Robbie Collin heads to Hokkaido to bathe in blizzard conditions and joins the crowds at Sapporo's snow festival.
It was never my intention to play charades naked on a hotel roof with an equally naked Japanese pensioner in the middle of a gale-force blizzard. That's just how things turned out. I was travelling to Sapporo to see the city's snow festival, in which residents and a handful of foreigners build elaborate sculptures in the streets and parks before eating their own body weight in barbecued meat washed down with enormous glasses of beer. Rail pass in hand, I had worked my way north from Tokyo to Hokkaido, the country's second-largest island.
After a five-hour trip via the Seikan Tunnel, which connects Hokkaido to the mainland, our train chugged into the bustling fishing port of Hakodate. I checked into the La Vista Hakodate Bay hotel (see hakodate.a-japan.eu) and went upstairs to use its rotenburo, a rooftop bath filled with mineral-rich water drawn from an underground hot spring. Hakodate is built on a low-lying isthmus that stretches to the slopes of an extinct volcano and is flanked by the ash-grey waters of the Tsugaru Straits.
It means a new weather system blows through every 30 seconds or so and in the time it had taken me to reach the top floor, the hotel had become engulfed by a snowstorm. A sign on the changing-room door gave warning that "in the event of inclement weather, the outdoor bath will be closed" but it wasn't, even though gales of sleet were blowing so hard the windows bulged inwards. I shed my clothes, scrubbed at a wash station and, clutching a facecloth-size towel, manfully gritted my teeth, slid open the door and minced across the rooftop in agony, my modesty towel flapping in soggy surrender.
I plopped into the steaming water with a groan. The blizzard was so ferocious I could barely see the roof's edge. An elderly gentleman, who must have been steeping there for some time, said something in Japanese. I grimaced my lack of comprehension, so he pointed into the storm and drew an isosceles triangle in the air. This was followed by a cross, and a frown of mock disgruntlement, as if to say, "Where's the mountain?" I smiled and shrugged theatrically. The old man looked delighted and instantly sketched out an oblong with an upwards spike at one end, before pointing back into the maelstrom.
I thought back to my guide book and wondered if he was pointing to the city's orthodox church, founded by Russian emissaries in 1859 on the flanks of the mountain.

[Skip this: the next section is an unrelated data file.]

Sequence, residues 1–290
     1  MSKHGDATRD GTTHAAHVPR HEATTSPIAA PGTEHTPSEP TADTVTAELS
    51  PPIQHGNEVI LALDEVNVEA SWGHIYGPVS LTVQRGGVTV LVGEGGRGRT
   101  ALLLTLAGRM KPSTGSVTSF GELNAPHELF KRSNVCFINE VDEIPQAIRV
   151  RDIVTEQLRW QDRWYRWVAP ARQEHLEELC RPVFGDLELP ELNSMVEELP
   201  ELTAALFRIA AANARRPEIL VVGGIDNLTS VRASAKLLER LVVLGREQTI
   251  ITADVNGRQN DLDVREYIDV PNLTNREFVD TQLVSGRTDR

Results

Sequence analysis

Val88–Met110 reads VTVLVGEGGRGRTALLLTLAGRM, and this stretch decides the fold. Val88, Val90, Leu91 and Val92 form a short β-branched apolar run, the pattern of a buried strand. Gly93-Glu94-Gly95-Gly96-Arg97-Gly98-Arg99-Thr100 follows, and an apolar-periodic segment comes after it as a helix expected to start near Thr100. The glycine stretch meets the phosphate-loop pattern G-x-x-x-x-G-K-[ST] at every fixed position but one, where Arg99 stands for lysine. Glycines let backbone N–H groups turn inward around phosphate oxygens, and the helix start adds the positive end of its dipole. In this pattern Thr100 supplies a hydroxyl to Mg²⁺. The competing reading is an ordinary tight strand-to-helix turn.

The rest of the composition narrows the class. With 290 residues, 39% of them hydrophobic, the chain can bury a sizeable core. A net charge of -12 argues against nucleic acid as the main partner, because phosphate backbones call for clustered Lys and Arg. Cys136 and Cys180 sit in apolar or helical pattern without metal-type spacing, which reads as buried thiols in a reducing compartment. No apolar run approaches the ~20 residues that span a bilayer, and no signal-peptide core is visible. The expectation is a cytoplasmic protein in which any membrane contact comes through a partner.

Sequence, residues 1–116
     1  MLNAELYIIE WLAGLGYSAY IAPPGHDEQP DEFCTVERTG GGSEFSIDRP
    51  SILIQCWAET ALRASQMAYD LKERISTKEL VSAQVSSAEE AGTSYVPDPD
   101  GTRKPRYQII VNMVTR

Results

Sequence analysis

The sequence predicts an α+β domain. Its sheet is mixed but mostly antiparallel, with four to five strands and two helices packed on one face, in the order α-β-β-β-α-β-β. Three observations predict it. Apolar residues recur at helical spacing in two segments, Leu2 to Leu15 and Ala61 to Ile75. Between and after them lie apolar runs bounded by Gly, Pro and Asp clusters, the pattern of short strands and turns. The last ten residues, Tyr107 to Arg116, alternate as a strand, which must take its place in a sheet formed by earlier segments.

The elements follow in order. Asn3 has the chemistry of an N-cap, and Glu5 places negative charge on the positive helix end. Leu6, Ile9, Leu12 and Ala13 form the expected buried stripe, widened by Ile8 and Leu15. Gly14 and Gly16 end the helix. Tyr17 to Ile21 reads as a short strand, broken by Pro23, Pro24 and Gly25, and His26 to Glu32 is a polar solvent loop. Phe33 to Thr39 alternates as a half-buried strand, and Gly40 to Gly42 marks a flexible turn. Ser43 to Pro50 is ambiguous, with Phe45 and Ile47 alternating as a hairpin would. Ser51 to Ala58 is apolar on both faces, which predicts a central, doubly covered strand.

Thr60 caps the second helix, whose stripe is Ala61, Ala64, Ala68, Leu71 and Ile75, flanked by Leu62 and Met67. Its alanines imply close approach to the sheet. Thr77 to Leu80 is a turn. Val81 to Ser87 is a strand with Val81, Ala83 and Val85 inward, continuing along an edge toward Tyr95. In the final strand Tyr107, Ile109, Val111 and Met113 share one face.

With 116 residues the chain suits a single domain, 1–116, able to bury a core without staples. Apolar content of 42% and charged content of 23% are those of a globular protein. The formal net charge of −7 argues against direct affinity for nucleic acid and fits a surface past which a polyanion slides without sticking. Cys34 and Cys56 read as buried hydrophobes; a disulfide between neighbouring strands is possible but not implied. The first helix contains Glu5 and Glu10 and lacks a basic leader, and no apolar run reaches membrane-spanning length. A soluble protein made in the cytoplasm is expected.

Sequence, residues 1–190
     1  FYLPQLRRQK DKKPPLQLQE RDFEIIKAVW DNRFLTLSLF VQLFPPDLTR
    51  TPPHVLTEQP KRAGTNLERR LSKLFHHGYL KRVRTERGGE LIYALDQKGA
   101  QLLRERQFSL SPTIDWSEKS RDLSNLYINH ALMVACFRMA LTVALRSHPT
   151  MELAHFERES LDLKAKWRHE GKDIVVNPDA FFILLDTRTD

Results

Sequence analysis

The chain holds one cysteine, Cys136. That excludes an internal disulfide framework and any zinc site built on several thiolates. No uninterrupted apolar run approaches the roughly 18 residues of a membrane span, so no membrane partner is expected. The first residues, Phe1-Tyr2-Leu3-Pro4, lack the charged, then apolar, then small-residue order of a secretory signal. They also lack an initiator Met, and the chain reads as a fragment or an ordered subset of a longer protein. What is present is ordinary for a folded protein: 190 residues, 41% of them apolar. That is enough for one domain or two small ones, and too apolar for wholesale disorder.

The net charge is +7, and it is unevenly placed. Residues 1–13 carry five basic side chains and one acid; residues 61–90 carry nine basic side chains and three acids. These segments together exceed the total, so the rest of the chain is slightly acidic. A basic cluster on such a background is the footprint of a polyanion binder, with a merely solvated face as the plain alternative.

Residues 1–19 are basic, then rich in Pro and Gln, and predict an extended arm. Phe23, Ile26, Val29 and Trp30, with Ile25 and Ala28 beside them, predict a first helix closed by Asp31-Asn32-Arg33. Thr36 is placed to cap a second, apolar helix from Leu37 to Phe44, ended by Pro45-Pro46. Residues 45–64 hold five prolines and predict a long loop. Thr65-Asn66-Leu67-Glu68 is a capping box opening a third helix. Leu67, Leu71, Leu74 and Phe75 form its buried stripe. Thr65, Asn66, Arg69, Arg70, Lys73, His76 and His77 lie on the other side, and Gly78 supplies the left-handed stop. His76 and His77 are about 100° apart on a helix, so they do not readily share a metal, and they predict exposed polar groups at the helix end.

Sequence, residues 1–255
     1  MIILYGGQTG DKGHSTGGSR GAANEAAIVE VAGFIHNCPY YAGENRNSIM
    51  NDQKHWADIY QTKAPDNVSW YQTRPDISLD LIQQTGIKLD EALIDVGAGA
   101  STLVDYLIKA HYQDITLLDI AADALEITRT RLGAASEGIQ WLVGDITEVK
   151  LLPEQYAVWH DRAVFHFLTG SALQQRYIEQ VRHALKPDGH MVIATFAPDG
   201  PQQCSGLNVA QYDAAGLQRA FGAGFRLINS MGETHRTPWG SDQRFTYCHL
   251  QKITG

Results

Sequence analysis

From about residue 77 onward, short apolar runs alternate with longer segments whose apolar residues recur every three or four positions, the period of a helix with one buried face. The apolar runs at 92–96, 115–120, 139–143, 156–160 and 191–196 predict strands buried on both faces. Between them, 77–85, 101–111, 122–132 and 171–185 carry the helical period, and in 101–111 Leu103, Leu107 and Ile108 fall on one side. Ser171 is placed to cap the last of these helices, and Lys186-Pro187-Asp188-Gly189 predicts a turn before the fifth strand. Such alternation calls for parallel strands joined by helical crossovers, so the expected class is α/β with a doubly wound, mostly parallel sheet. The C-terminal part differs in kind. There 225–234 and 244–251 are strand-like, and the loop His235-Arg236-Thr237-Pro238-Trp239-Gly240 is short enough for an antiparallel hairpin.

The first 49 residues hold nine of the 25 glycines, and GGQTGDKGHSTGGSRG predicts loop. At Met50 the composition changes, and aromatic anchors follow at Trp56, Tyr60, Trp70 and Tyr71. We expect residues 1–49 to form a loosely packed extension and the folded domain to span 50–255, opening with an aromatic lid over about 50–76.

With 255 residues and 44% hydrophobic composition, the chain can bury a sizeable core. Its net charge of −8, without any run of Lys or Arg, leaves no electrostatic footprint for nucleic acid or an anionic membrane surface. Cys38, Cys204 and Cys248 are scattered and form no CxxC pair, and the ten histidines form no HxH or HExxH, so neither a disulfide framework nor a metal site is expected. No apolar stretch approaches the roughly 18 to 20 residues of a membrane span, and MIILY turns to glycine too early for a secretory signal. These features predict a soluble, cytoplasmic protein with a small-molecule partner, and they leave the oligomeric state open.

Tentatively, I put my hands together in prayer and looked to my new friend for affirmation. I was right! He went on to mime an entire tour of Hakodate's finest attractions: the star-shaped fort of Goryokaku; the fish market; and the steep streets of the Motomachi district, where wooden houses are a curious hotchpotch of 19th-century Western and Eastern architecture (this last detail was from the guidebook - nobody's that good at miming).
The following morning I caught the train to Sapporo, where the snow festival was in full swing, and made for Odori Park in the middle of the city's orderly grid of tree-lined boulevards. Here, in 1950, a group of high school pupils built six snow sculptures, making a good enough job of it to establish an annual event that has since expanded to two further sites: Susukino, the nightlife district; and the grounds of the Tsudome exhibition centre. The festival now attracts about 2 million visitors a year, including teams of international sculptors.
I surveyed scale models towering above the crowd; cartoon characters rubbed subzero shoulders with humans, robots and animals. Two blocks from the city's television tower, lit up like a giant Christmas tree, was a ski jump from which snowboarders soared (the Niseko snowfields are near Sapporo) while a crowd watched, entranced, wisps of steam rising from the cups of hot chocolate and warm sake clasped between hands. Nearby, butter-drenched shellfish crackled on a barbecue and a phalanx of mobile kitchens served grilled sweetcorn doused in soy sauce, curry soup, steamed sweet potato dumplings and a kind of deconstructed lamb kebab called Genghis Khan, which came to Japan from Mongolia - unlike its namesake.
Old men and young women alike supped from plastic tankards of foaming golden beer (the city's famous Sapporo Beer Museum is housed in a venerable former 19th-century brewery with a cavernous beer hall attached). The atmosphere was as warm and genial as a hot spring bath and I soaked it all in as I walked south to Susukino in search of more food, ducked between ice sculptures into Ramen Alley and slurped a huge bowl of noodles in rich, scalding miso broth.
Outside, the sun sank beneath the mountains, the streets rang with happy voices and the ice sculptures shone with reflected neon. The thermometer on the noodle shop wall read six degrees below freezing, and I felt as warm as ever.
The Sapporo Snow Festival (Sapporo Yuki Matsuri) is from February 5-11, 2013. Qantas and Japan Airlines fly to Tokyo with connections to Hokkaido's New Chitose Airport. The JR airport express from New Chitose to JR Sapporo Station runs every 15 minutes and takes about 40 minutes. If coming by train from Tokyo, buy a rail pass. See japanrailpass.net.
- Telegraph, London